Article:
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How to Make a Skateboard Shape with Paul “The Professor” Schmitt

Recently the Braille team had the honor and privilege of learning from The Professor himself, Paul Schmitt, on how to make skateboards and create skateboard shapes. In the video below, you’ll see The Professor conceptualize Aaron Kyro’s requested cruiser/filmer-board. You’ll witness the shaping process starting from the deck being drafted out on a cardboard template, all the way to the board being painted, finished, and ready to shred. Curious to see how much skill goes into creating that piece of wood we all know and love to skate on? Watch the video below to see how Paul “The Professor” Schmitt gets it done. 

How to Make a Skateboard Shape

  1. Make a cardboard template for a half-template of the desired board shape
  2. Draft out the half-template to hand-make a board from it.
  3. Place the completed cardboard template on top of a raw blank and cut out the board.
  4. Use a drill press to drill your holes for the front and back trucks. (Usually in a factory, a machine drills all 8 holes at once on a stack of boards.)
  5. Sand the edges of the board to dial in the exact shape specifications, rather than trying to cut with extreme precision using the saw.
  6. Use a router all around the edges of the deck to begin rounding them.
  7. Finish rounding the edges of the deck by sanding them to perfection.
  8. Apply a coat of clear paint to the deck to seal it up.
  9. Apply a second coat of paint to gloss the deck.
  10. For the final part of the production process, a heat-transfer piece of film with ink on it is placed on the deck. A large, heated silicone roller then presses down onto the deck and squeezes the film and board together. Once the board cools down, the film is removed and the graphic is trimmed clean.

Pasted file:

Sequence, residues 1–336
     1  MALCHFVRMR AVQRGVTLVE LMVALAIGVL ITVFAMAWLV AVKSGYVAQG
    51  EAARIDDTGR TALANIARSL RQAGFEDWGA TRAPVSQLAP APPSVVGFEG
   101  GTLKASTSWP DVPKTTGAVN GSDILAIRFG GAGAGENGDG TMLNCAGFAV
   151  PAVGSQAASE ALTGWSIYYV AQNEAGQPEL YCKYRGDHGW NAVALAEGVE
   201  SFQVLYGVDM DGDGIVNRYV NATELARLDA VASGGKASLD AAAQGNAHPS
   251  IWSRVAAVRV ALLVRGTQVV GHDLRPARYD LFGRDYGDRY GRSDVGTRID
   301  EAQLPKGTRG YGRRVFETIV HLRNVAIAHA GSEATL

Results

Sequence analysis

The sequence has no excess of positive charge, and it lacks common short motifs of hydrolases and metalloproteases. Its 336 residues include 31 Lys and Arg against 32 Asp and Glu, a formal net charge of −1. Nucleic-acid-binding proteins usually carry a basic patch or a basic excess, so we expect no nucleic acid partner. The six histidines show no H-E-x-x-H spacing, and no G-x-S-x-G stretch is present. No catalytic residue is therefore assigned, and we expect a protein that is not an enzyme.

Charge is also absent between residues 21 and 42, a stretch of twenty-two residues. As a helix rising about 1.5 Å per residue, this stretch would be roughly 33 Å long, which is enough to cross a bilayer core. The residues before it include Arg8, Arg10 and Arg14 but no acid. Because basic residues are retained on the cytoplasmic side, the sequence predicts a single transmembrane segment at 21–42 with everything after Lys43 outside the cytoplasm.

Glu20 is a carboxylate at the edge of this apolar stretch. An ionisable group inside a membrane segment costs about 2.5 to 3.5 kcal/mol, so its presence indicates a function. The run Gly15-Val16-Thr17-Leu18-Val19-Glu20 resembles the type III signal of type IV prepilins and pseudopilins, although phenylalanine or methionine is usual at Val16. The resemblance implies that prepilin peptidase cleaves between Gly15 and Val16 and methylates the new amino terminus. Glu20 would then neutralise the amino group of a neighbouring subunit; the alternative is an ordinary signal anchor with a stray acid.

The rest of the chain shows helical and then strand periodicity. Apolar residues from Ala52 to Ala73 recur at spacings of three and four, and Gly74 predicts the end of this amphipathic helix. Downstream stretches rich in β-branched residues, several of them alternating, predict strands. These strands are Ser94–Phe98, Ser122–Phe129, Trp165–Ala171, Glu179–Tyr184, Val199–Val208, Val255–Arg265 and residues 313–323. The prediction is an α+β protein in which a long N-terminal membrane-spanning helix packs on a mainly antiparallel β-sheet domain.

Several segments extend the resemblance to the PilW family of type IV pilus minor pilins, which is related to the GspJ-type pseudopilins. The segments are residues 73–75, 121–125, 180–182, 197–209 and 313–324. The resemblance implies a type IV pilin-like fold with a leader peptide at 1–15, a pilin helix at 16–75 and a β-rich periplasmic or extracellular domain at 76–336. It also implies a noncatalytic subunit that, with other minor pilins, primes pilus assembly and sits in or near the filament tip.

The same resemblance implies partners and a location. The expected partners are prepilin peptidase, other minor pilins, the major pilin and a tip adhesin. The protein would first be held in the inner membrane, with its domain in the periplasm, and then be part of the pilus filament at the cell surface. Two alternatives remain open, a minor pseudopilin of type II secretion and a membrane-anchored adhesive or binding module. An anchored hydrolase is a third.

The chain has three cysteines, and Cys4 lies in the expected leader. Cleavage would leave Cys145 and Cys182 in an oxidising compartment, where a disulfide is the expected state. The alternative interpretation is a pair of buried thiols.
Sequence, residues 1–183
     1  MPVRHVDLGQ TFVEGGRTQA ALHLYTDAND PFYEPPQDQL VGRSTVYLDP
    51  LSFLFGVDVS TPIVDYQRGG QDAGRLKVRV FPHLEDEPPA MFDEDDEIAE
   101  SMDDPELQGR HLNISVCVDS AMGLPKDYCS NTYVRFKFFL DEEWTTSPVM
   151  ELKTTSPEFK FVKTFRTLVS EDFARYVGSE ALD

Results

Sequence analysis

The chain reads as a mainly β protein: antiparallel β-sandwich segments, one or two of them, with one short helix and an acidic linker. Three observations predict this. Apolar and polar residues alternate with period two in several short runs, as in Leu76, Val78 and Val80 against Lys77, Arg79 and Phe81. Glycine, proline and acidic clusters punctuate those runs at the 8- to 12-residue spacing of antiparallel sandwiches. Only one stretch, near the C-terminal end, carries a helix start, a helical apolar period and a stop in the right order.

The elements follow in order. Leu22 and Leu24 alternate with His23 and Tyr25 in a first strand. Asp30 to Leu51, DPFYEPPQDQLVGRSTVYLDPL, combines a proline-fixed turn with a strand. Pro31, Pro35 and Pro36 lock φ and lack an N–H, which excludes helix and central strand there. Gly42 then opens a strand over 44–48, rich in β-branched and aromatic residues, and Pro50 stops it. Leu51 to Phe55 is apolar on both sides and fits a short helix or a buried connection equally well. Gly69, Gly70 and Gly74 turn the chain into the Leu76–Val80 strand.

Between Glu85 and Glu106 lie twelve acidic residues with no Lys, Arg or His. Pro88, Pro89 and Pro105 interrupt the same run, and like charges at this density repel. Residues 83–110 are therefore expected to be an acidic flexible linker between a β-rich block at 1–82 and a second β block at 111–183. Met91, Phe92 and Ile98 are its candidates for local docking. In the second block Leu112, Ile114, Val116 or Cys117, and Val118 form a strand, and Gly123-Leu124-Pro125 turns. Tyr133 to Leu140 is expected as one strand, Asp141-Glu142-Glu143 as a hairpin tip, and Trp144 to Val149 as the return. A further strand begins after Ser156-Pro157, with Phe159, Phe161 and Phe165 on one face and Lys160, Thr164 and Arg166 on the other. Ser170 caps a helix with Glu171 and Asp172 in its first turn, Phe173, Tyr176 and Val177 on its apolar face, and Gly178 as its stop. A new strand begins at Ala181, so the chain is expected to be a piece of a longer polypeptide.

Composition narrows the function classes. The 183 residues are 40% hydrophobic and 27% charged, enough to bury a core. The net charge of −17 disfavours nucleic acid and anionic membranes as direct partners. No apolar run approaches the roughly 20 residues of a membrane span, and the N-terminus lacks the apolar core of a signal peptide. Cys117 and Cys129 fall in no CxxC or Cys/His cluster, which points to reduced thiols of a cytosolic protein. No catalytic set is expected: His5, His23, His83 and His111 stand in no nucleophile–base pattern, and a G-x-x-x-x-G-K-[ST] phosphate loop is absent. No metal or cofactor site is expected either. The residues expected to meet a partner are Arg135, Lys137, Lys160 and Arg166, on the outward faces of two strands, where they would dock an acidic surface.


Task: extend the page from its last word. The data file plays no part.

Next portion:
Aaron’s Filmer-Board Specifications

For Aaron’s board, The Professor decided to create a shape that is short, “whippy”, and tight. In order to make this compact board-shape, Schmitt opted for a 7-inch nose. Anything longer than 7-inches and you’d start to lose that idea of compact. For the wheelbase, Schmitt went with 14-inches and for the tail of the board, he went with 6.75-inches. The width of the deck is 8.78-inches and the length is just shy of 32-inches. This board is perfect for filming videos, slashing curbs, and dropping into pools. As long as you’re having fun though, that’s all that really matters!

We hope that seeing this process inspired you in some way, whether it inspired you to skate, to try new board shapes, or to get into woodworking and creating your own board shapes! We had a blast filming this video with The Professor. Check Paul Schmitt out on Instagram at,, and For all your skateboarding needs, including gear, tutorials, and more, visit our online shop. Now get out there and SKATE!

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